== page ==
WHY ARE STRATEGY GAMES SO IMPORTANT?
Strategy games are great for learning life skills, such as patience, self-control, and thinking critically. These types of games teach emotional competence and help people learn to control their impulses; not to make a decision immediately, but rather wait for a better, more effective opportunity to present itself and act on. This mode of thinking can also help weigh through some of the psychological demands found in today’s workplace.
Strategic games help people learn to evaluate other factors at play. Players realizing that their next decision may actually cause more problems for them or may potentially lead to a strategic advantage for either them or their opponent. Strategy games also help set and maintain goals which then require many avenues of thought, and decisions have to be sorted through to remain on the goal centered path. People start thinking of the next move, but in reality, they are looking further ahead, thinking how their next move will lead to their next decision. It is that skill of anticipating the counter move that leads to making smart decisions in life. These games teach people, especially youth, to make decisions after identifying the alternatives available to them and anticipating the possible consequences. And that is the basis to critical thinking. Here is a short video highlighting the strategic game challenges:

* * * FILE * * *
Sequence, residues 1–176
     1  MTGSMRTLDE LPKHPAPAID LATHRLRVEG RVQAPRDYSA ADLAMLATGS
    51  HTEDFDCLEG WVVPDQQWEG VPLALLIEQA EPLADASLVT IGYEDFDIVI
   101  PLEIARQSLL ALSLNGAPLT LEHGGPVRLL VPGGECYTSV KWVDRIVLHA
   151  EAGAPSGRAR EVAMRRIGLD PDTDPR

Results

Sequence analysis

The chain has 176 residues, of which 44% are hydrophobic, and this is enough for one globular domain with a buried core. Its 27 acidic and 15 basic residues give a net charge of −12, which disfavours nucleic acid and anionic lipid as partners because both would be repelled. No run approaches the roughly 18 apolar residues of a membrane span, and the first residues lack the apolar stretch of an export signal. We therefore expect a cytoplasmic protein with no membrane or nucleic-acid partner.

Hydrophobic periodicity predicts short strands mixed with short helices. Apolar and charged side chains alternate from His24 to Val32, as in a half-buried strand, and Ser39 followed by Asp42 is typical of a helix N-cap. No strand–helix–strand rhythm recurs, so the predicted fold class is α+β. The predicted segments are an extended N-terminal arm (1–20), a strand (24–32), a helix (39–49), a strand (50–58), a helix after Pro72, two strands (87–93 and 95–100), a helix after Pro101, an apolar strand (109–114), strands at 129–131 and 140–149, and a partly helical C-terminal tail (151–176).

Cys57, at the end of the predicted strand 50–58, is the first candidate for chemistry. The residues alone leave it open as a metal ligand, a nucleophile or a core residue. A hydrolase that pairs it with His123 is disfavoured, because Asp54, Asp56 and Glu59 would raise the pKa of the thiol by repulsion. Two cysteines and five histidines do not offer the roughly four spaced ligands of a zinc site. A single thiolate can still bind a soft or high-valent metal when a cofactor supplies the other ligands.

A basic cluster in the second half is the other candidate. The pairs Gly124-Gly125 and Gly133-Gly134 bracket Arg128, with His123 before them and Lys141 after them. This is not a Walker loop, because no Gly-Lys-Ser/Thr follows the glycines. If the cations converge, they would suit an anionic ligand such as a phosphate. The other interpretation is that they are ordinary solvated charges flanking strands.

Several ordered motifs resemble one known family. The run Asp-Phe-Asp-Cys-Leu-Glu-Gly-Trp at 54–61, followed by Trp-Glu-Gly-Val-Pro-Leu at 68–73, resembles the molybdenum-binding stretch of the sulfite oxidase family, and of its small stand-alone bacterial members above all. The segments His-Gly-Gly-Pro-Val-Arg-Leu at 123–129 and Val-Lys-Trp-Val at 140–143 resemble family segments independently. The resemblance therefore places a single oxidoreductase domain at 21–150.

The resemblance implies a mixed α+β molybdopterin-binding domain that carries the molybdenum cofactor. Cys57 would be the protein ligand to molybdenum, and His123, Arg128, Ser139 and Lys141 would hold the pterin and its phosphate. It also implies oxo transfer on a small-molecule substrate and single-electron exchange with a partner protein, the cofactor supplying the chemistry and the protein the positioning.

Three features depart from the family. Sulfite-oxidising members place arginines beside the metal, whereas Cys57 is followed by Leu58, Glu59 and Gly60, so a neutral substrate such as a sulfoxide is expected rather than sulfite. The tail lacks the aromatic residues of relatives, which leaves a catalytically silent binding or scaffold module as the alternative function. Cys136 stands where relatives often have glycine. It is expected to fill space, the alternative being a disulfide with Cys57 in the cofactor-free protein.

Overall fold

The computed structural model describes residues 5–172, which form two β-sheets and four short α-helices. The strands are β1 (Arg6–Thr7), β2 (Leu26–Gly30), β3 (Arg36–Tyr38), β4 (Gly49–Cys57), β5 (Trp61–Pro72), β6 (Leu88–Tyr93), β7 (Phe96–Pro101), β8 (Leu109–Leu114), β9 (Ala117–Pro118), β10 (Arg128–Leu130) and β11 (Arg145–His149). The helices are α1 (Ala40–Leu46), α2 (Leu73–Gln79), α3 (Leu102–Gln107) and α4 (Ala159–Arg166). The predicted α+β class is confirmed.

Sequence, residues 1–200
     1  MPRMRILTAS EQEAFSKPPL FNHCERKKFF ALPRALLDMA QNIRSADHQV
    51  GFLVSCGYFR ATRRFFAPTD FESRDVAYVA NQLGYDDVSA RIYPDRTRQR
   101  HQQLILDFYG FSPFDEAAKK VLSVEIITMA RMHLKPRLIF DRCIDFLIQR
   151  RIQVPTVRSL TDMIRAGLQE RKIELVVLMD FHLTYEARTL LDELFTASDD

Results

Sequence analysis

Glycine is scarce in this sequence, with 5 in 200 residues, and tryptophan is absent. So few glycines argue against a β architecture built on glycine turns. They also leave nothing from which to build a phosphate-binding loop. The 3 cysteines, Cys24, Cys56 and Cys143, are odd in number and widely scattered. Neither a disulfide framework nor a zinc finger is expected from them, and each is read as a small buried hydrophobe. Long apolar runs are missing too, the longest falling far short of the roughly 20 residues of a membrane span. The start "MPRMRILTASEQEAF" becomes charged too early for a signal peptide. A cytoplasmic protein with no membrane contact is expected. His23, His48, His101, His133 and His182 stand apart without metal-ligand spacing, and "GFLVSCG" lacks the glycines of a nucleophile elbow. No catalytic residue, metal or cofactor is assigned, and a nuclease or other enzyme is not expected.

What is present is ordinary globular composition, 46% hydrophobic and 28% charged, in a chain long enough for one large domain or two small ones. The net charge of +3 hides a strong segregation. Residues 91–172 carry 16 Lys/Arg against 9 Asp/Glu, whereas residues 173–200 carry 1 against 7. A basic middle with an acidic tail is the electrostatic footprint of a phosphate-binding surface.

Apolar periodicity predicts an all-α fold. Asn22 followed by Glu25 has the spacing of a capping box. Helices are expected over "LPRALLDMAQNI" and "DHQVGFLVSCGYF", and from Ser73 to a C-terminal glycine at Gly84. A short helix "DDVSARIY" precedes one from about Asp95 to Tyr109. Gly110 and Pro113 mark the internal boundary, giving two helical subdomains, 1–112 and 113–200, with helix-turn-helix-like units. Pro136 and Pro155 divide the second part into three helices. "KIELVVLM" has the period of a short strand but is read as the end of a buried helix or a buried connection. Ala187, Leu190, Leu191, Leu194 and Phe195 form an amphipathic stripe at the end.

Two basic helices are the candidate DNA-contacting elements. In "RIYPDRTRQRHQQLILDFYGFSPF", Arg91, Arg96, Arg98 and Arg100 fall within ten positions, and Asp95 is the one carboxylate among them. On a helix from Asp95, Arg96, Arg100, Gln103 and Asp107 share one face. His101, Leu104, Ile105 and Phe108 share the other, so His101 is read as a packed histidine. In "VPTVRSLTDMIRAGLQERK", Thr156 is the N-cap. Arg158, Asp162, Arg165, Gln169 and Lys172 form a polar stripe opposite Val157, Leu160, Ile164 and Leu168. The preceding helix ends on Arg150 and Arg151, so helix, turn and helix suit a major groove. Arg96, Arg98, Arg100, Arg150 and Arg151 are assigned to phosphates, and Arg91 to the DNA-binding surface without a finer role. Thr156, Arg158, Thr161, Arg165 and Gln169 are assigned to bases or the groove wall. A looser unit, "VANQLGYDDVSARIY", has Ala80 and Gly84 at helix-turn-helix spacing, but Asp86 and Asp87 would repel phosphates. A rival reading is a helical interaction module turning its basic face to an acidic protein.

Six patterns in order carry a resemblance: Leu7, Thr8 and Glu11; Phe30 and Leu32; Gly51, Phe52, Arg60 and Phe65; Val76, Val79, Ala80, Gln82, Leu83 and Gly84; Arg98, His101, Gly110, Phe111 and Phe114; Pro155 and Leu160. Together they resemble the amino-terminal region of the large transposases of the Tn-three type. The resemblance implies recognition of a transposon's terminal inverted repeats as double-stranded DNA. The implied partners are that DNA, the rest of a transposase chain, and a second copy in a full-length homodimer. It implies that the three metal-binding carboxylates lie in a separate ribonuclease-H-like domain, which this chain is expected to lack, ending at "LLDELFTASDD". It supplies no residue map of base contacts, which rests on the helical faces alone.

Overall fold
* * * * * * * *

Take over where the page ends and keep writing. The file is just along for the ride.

Produced by Meghan Thoreau. Elementary students participating in
STEM International Strategic Board Game Challenges.
The timing of the strategic game portion of the program could not have been more perfectly unplanned, because the 2018 World Chess Championship was going on simultaneously and making international headlines both in print and on the radio. Fabiano Caruana v. Magnus Carlsen – Carlsen became World Champion in 2013 by defeating Viswanathan Anand. In the following year, he retained his title against Anand, and won both the 2014 World Rapid Championship and World Blitz Championship, thus becoming the first player to simultaneously hold all three titles. He defended his main world title against Sergey Karjakin in 2016. Stories were being published like, The Magnus Effect: Norway Falls Hard for Chess, How Magnus Carlsen is Making Chess Cool and Wearing his Rivals Down, Chess on the Rise in Primary Schools, or Fabiano Caruana – the American Helping Make Chess Cool. It is important to note that Caruana is an American. The last time an American won the World Chess Championship was back in 1972 by Bobby Fischer! Ultimately, Carlsen retained his title and was victorious over Caruana, but the ripple effects of their chess matches excited the world into learning and playing more chess!